Police went door to door forcing Mongols to sign pledges not to oppose the education program. They detained those who didn’t comply and placed them under police surveillance, according to the Los Angeles Times. Public security bureaus published names and images of protesters, accusing them of “picking quarrels and provoking troubles,” a charge that could lead to five years in prison. 

The aggressive move to assimilate Mongols is reminiscent of how the Chinese Communist Party (CCP) has treated Tibetans and Uighurs in Xinjiang—the CCP also replaced their minority language education with Mandarin in the past few decades. While Tibet and Xinjiang have long been considered restive regions, Mongols are seen as the “model minority” living in peace with the growing number of Han Chinese in the region.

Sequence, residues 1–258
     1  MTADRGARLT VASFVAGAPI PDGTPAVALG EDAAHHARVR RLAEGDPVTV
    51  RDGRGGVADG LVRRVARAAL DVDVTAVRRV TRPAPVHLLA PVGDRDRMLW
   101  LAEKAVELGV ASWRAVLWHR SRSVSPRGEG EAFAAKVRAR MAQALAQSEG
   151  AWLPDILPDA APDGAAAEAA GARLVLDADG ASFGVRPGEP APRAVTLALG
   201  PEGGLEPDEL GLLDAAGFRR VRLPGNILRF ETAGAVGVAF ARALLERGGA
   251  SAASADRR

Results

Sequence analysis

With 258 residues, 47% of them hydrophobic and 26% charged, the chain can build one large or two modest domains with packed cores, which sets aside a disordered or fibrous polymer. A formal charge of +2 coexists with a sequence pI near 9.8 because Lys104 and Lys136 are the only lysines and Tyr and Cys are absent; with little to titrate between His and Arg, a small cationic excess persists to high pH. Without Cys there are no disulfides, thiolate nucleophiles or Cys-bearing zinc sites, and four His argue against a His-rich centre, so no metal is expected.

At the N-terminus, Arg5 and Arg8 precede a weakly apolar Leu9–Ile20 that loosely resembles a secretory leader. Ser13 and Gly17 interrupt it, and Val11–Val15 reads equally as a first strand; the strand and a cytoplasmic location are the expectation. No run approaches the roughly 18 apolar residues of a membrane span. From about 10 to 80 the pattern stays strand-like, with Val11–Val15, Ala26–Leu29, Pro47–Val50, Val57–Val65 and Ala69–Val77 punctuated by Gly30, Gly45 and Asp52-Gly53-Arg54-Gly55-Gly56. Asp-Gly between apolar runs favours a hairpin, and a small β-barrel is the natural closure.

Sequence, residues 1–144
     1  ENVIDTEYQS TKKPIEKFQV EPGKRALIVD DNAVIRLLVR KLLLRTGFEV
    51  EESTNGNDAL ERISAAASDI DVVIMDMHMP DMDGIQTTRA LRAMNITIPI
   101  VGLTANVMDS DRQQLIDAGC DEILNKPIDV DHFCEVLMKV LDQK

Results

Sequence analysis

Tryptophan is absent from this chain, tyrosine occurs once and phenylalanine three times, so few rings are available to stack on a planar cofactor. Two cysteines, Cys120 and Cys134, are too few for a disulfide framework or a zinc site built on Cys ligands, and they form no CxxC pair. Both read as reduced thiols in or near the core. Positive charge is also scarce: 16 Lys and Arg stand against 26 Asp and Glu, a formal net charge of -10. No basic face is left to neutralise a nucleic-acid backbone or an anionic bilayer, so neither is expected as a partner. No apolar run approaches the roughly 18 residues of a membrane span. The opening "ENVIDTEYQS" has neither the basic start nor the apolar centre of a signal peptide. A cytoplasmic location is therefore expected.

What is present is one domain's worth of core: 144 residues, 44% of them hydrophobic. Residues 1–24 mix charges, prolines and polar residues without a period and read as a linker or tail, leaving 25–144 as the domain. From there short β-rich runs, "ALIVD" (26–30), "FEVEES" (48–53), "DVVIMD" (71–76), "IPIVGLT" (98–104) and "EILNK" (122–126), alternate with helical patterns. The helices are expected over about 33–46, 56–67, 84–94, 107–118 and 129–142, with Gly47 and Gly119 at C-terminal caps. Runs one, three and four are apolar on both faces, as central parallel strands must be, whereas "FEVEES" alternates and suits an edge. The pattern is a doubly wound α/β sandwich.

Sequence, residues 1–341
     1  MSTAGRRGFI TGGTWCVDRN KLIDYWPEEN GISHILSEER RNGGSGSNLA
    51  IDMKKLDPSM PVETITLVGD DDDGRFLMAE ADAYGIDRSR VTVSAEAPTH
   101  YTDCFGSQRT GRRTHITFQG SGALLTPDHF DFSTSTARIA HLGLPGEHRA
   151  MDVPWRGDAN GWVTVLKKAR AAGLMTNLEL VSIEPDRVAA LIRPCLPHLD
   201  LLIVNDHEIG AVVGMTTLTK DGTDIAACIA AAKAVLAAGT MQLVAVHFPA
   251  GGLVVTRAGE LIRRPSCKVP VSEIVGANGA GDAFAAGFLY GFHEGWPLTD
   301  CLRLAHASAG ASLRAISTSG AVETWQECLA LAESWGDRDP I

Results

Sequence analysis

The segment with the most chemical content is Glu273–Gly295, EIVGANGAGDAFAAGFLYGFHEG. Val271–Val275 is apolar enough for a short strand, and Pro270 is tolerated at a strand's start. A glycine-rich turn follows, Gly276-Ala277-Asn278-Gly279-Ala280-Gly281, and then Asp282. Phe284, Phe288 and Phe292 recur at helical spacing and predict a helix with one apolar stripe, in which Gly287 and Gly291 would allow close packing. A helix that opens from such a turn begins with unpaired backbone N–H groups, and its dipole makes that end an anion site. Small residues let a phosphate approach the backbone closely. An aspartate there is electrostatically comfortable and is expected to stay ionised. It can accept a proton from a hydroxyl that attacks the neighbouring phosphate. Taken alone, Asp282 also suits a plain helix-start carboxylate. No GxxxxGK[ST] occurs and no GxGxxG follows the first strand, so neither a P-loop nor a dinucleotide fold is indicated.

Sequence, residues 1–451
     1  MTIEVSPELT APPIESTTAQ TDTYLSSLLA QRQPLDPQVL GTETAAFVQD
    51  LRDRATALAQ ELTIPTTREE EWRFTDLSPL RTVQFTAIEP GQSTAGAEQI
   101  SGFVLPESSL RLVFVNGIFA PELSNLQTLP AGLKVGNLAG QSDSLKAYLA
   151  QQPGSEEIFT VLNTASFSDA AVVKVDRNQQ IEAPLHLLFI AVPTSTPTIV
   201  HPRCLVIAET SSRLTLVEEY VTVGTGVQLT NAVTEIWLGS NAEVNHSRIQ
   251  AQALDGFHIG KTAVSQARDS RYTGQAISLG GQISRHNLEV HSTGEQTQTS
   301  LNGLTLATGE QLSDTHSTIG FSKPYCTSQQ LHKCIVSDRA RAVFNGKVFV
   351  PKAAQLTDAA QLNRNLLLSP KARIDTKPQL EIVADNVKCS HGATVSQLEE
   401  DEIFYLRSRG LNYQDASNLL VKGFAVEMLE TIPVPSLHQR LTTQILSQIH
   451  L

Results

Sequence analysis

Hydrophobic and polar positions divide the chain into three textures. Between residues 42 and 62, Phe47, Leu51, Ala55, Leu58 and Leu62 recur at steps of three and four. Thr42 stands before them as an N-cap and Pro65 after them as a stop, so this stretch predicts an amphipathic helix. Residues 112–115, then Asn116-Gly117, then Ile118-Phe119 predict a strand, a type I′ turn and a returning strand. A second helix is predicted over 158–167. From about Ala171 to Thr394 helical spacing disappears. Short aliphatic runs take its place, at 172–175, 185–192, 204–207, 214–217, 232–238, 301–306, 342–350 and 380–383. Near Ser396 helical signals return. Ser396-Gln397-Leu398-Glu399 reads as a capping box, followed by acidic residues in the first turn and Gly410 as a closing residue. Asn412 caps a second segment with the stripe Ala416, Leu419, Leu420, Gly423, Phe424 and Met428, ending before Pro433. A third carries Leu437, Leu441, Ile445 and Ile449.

The crackdown on Uighur culture and language has spread to what international observers call a genocide: The Chinese government has thrown more than a million Uighurs into reeducation camps, pressed them into forced labor, and implemented a campaign of depopulation through forced abortions, forced sterilizations, and even infanticide. The CCP used many of the tactics now seen in Xinjiang first in Tibet: Xinjiang’s Communist Party Secretary Chen Quanguo, who oversaw the oppression in Xinjiang, was previously the party secretary in Tibet.